1. Spend like a start up. Start ups close when they run out of cash or run out of investors who are willing to fund bloated operations. When start ups spend money on nice-to-haves before attaining key milestones of financial sustainability, they needlessly increase operating losses, business uncertainty and employee finger-pointing.

2. Make it great. An entrepreneur has to inspire her team to be even better than their best. You have to be innovative, imaginative and completely original in order to capture lasting audience attention. Copying what works at other businesses or revisiting the ghosts of other entrepreneurs won’t be enough for you to achieve entrepreneurial greatness. Delivering something that is really new and noteworthy is the only way any entrepreneurial initiative. With this, a start up network or a corner bakery can win lasting market share against competitors.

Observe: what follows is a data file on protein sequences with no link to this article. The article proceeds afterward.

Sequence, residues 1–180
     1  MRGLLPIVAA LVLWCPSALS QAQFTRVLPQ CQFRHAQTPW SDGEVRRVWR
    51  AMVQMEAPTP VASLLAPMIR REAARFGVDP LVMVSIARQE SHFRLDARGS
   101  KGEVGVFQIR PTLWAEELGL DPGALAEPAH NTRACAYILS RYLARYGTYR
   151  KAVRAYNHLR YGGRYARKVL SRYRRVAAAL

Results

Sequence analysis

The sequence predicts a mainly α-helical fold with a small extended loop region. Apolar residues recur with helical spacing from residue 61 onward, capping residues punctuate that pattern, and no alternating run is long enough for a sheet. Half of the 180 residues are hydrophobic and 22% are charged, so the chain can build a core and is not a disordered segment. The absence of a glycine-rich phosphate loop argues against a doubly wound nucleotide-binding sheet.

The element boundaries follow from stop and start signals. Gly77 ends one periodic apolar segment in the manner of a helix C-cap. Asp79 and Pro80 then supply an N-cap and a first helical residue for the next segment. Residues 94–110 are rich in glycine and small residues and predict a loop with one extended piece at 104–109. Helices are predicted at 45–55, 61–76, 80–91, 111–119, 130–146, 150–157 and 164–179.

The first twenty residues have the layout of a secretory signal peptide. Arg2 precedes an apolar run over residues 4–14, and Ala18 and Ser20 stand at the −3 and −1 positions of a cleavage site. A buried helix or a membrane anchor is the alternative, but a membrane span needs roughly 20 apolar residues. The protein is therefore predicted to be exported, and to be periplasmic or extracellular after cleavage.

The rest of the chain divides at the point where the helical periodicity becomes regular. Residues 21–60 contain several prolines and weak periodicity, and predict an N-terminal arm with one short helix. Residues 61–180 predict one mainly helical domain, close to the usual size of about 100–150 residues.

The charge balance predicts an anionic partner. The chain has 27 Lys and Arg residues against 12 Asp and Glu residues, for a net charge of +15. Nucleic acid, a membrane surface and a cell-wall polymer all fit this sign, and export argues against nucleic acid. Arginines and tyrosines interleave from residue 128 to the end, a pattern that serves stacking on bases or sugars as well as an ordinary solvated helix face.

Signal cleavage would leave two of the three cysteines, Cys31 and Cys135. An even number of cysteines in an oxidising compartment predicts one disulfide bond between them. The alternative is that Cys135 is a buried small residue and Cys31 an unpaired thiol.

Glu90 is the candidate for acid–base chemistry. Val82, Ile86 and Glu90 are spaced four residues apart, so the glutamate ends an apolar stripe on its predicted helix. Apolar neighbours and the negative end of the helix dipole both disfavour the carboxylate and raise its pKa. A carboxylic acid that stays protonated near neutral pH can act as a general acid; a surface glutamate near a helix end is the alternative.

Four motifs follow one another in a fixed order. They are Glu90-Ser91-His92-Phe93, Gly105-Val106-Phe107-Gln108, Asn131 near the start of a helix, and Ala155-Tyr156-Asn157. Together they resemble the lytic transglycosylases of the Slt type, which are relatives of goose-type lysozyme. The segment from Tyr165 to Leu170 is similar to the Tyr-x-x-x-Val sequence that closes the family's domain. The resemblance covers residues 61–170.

3. Moonlighting creates madness. It’s OK to plan a start up while employed by another company. However, it’s not ever wise to initiate customer facing operations without 100 percent leadership attention and focus. Little problems easily morph into big, costly ones when the top decision maker isn’t on hand to make timely adjustments.
4. Adversity is not failure. It’s normal for nimble start-ups to test and adapt first ideas based on audience feedback. Some concepts work; others don’t. The point is to learn from first missteps and continue to search for the sweet spot where a new business can operate in a sustainable way. It’s also completely expected that all start ups will face their share of unexpected problems. Customers don’t commit as quickly as planned, investors and partners back out of funding deals, websites crash, and employees quit, and, of course, nervous competitors float negative rumors about the new market entrant. All of this is part of the early life of a start up.